The professor was pleased with the range of issues that the students identified, including domestic violence, vegetarianism, homelessness, civil unrest, and environmentalism and racism, to name a few. The students reported that they became more aware of issues and got to know their classmates better. The exercise provided an avenue to explore cultural diversity as well, since students chose different kinds of music and talked about why they chose their songs. This exercise appealed to students, obviously, and the professor was pleased with the quality of their work.

Providing a break in the routine, while still exploring substantive content, is a good way to re-engage students, and ourselves, with the material.

To read the entire short article, please see the following reference:

Martin, G. 1994. Music promotes appreciation for cultural difference. College Teaching 42(4):150.

College Teaching is available as a full-text, on-line journal through CSU Libraries.

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The No-Fault Quiz

Posted by weeklyteachingnote on October 28, 2008

By this time in the quarter, students are anxious about their mid-term grades. First-year students usually need extra support in learning, and they also need high-quality opportunities to raise their grades as they adjust to the expectations of academic work in college.

The “no-fault quiz” is one idea from a faculty member who teaches introductory science courses. Usually it’s best to incorporate this tactic into the class from the beginning, but it can be added in because it’s basically rigorous extra credit.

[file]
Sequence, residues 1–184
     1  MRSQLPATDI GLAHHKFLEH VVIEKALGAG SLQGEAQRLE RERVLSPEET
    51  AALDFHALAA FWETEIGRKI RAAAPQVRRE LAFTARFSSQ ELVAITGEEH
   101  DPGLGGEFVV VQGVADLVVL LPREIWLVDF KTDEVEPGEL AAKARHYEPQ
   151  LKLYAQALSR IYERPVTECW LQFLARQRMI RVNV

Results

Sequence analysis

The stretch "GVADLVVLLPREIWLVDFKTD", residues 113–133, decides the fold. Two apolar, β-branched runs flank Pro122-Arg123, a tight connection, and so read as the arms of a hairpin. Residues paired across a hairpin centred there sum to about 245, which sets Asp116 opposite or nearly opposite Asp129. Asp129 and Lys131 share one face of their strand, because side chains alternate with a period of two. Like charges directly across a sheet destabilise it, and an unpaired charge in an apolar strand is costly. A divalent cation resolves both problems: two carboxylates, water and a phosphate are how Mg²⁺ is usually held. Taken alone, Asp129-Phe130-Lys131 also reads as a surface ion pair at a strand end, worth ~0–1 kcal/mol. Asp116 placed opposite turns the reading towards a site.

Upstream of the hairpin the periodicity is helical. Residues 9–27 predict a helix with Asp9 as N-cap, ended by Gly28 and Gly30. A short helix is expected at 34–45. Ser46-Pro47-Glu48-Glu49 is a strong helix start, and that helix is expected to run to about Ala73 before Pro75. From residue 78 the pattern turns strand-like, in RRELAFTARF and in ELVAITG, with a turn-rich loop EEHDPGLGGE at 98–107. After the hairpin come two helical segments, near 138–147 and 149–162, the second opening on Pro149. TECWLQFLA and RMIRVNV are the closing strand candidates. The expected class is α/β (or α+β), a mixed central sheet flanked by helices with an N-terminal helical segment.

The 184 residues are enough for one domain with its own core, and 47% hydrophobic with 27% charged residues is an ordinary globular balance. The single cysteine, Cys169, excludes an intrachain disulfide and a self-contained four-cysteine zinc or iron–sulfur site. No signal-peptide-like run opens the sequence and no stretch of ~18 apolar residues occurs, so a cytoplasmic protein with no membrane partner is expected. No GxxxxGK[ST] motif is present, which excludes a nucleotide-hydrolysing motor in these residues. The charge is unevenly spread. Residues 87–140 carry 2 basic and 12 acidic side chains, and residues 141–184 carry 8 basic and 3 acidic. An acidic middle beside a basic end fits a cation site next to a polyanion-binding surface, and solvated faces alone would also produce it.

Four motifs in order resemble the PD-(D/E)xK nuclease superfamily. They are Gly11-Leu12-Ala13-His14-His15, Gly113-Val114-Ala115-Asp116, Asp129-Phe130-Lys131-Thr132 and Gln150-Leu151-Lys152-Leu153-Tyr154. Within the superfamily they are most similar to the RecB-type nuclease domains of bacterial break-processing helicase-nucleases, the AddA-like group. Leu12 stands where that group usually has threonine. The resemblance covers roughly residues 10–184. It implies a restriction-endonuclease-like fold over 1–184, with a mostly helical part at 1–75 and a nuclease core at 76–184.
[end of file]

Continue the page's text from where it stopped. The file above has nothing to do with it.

The no-fault quiz is a weekly quiz of 5 to 15 questions of various types (short answer, fill-in-the-blank, multiple choice, etc.), based on the previous week’s work. All correct answers earn points toward the next test. Because the quizzes are extra credit, make-ups are not available for any reason. Points for questions covering the same material are also available on the test itself.

Immediately after the quiz is completed, the professor gives a key and the class spends some time discussing the answers. This way, students receive immediate feedback on their work. The quizzes and keys, but no extra credit, are provided to students with excused absences so that they can still benefit from the learning opportunity.

This professor found that attendance on quiz days rose dramatically. Students even reported that they got up early to look over their notes. The professor felt that good discussions ensued, with students learning to evaluate and analyze their knowledge. Students were better able to persevere in learning because mistakes did not count against them in the quizzes; instead, they were able to re-learn material that they missed on the quizzes.

The no-fault quiz is a win-win situation – students learn the material better and have a chance to raise their grades. Both of these outcomes can help students to succeed in large introductory classes.

To read the entire short article, please see the following reference:

Sporer, R. 2001. The No-Fault Quiz. College Teaching 49(2):61.

College Teaching is available as a full-text, on-line journal from CSU Libraries.

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Welcome to the Weekly Teaching Note Blog!

Posted by weeklyteachingnote on October 28, 2008

We decided to create a blog for the Weekly Teaching Notes so that faculty can comment! Please feel free to tell us what you think of each Weekly Teaching Note. Even better, please give us some ideas to feature as Weekly Teaching Notes — things that work for you, ideas you want to explore, or problems that would benefit from more brains working together.

You are free to put a name on your comment or to remain anonymous.

We hope you enjoy the new Weekly Teaching Note Blog!
Victoria Bhavsar, Program Coordinator